Firstly Protein Nutrition for Peak Performance sets out to prove why protein – although often underestimated - is as central to sports nutrition as carbohydrates are.

It also highlights how many athletes are falling short of their RDA, and as a result so is their performance. The report then remedies this quandary by detailing how you can implement your very own protein strategy without the need for consulting a costly sports nutritionist.

Whereas Nutritional Supplements – Boosting your Performance assesses the major players in the current sports supplement market and deciphers the marketing spiel.

The findings in this report are staggering.

It reveals that many supposed performance-enhancing supplements are not only a complete waste of money, but many taken incorrectly could be harmful not just to athletic performance, but to long-term health too.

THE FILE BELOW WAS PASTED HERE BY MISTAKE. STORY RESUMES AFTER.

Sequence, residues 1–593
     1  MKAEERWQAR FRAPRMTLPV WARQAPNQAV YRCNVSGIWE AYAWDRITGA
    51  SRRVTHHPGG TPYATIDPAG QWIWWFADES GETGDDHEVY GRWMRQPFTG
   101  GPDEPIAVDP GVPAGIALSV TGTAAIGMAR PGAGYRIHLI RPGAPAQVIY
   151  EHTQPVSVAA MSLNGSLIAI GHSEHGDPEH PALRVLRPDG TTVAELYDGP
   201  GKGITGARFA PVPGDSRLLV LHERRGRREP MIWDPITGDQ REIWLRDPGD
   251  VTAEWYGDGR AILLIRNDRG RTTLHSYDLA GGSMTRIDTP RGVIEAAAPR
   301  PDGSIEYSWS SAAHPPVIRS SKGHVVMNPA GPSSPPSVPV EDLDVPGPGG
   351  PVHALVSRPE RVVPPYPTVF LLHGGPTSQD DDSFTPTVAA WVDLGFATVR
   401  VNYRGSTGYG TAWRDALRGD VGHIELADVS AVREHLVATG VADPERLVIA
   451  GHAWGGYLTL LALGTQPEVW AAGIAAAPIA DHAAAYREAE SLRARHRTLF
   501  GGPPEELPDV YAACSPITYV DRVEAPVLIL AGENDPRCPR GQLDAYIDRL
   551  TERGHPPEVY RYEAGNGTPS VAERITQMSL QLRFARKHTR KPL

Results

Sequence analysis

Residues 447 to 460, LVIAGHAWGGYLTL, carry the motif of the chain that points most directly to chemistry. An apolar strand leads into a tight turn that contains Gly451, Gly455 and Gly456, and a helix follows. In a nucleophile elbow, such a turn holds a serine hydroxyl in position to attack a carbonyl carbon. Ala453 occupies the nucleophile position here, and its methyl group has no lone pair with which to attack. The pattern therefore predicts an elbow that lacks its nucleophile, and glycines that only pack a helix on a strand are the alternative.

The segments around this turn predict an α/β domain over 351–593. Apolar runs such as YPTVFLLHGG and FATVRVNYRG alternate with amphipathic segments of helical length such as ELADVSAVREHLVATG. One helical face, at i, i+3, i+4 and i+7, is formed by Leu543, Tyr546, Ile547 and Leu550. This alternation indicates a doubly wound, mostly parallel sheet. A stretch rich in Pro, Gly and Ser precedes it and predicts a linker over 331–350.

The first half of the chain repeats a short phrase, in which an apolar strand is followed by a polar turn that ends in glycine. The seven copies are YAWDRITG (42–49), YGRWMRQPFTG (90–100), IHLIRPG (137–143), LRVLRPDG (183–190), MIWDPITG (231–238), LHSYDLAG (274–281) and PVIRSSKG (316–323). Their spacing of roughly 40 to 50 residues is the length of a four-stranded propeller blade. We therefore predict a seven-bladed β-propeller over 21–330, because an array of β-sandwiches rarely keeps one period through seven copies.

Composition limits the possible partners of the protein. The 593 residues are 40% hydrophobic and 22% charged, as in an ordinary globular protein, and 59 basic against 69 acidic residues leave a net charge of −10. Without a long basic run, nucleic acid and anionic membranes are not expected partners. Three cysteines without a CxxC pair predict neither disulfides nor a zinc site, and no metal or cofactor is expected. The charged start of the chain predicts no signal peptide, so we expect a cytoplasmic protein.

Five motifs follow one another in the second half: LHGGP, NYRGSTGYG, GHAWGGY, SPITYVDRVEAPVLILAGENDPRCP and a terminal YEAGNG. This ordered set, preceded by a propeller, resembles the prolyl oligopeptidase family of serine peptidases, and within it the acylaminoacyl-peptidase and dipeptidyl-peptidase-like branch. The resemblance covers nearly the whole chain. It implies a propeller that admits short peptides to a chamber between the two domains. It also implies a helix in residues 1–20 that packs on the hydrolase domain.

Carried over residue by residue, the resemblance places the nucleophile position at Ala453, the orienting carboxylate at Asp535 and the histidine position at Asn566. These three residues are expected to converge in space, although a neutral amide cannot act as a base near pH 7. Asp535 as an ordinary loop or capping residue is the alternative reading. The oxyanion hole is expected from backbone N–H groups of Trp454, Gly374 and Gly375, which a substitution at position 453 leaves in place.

Both reports set out with one goal in mind - to allow you, the reader, to make unbiased and informed decisions regarding effective sports nutrition. And because they are available for just $1.97, it would be a costly decision NOT to take advantage of this never-to-be-repeated promotion.

I strongly feel this is an area athletes must pay considerable attention to if they want to achieve real success and the fact I have commissioned two separate reports on the subject of sports nutrition really highlights that belief.

With this in mind I have arranged a fantastic offer that delivers you both of these special reports for an incredible price, full details of which you can find below.

Yours sincerely,

Jonathan Pye

Publisher, Peak Performance

Click here to purchase Protein Nutrition for Peak Performance and Nutritional Supplements for just $1.97 or read on to find out the ‘secret’ ingredients for optimum sports nutrition

Protein Nutrition for Peak Performance

Why it’s much more than just raw eggs and chicken breasts…